I thought the book started slowly, until I realised I was over 100 pages in. So close to today and yet not far from the future of Mad Max.
This is post apocalypse without the nuclear war. Austerity measures mean cars are prohibitively expensive to own, yet alone run, so the rich wide-boys of city financing use the deserted motorways as a battlefield over promotions and contract bids to run countries and war campaigns. Richard Morgan continues his run of producing readable hard-core (science) fiction.
The Domino Recessions of the early 21st century have cleared the road for a new breed of economic player...
'All over the world, men and women still find causes worth killing and dying for. And who are we to argue with them? Have we lived in their circumstances? Have we felt what they feel? No. It is not our place to say if they are right or wrong.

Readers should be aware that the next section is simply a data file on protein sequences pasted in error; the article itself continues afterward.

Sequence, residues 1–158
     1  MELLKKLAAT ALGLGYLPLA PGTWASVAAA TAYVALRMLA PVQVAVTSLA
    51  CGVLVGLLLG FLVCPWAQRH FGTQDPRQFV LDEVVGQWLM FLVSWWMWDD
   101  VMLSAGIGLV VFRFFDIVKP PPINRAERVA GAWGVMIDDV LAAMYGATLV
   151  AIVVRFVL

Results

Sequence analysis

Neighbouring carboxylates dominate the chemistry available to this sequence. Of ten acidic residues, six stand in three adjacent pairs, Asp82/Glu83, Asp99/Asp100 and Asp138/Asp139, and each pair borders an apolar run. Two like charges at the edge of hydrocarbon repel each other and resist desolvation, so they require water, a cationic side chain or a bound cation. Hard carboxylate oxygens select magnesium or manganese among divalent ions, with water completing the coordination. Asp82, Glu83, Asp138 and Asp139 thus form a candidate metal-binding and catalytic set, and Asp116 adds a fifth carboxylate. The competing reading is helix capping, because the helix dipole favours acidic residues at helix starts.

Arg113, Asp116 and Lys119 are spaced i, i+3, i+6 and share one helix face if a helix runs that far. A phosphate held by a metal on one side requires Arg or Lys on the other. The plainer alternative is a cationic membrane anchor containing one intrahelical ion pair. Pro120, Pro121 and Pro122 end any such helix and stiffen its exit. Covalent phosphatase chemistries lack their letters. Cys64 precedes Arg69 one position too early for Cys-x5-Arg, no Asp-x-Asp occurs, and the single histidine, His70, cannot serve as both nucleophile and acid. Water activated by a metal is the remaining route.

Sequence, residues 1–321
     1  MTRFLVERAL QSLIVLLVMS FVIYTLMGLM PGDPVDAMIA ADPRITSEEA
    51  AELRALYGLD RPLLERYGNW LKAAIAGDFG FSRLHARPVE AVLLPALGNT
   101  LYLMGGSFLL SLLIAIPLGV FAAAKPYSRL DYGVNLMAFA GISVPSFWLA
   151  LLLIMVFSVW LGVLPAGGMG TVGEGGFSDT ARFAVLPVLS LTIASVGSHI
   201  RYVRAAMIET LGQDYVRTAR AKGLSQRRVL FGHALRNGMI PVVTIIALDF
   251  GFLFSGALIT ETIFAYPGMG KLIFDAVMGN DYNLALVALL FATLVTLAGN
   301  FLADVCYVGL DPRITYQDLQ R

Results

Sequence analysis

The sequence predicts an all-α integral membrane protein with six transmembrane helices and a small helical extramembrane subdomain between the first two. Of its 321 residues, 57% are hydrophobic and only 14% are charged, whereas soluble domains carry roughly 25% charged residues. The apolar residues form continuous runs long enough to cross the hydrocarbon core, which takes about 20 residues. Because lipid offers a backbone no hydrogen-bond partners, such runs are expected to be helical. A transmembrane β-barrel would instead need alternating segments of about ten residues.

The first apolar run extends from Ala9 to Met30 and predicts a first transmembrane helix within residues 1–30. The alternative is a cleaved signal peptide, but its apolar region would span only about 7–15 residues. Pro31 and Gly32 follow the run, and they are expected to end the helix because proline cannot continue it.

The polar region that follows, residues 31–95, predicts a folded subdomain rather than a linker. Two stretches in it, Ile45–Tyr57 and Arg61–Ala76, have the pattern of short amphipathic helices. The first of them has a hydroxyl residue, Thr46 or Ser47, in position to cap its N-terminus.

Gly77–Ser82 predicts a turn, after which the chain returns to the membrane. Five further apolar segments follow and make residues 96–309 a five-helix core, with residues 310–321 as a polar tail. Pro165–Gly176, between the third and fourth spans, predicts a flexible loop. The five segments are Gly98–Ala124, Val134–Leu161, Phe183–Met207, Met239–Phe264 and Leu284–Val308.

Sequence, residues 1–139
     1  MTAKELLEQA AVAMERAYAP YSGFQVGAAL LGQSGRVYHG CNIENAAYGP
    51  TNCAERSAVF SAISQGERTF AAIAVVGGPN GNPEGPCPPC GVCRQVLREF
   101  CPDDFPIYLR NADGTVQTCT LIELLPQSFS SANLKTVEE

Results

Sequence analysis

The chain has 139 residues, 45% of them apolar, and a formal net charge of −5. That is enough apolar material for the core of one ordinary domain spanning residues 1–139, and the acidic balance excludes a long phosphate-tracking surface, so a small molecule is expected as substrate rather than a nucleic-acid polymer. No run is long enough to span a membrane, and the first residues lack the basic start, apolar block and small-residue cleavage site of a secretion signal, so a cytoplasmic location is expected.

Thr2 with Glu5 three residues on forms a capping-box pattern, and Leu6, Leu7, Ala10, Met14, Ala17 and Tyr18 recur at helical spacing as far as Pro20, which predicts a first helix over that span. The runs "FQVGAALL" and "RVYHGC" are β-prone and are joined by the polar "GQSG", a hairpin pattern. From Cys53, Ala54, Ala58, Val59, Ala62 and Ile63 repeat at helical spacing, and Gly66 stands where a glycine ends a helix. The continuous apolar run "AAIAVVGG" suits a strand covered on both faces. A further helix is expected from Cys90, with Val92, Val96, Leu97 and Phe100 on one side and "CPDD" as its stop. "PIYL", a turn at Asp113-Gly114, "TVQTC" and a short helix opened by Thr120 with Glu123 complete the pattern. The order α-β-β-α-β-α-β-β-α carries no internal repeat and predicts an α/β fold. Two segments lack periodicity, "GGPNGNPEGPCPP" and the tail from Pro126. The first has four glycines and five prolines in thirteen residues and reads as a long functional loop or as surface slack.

At Shorn Conflict Investment, we are concerned with only two things. will they win? And will it pay?'
Chris Faulkner has a new job at Shorn Associates. Can he live with it?
Thirty years from now the big movers in global capitalism have moved on from commodities. The big money is in conflict investment. Shorn and their rivals keep careful watch on the wars of liberation and revolution that burn constantly around the world. They gauge who the winners will be and sell them arms, intelligence and power. In return for a slice of the action when the war is won.
It's cynical, brutal and it has nothing to do with democracy amid the rule of law. So what else is new?
The executives in this lethal game bid for contracts, fight for promotion, secure their lives on the roads. Fighting lethal duels in souped-up, heavily armored cars on the empty motorways of the future.
Has Chris Faulkner got what it takes to make a real killing?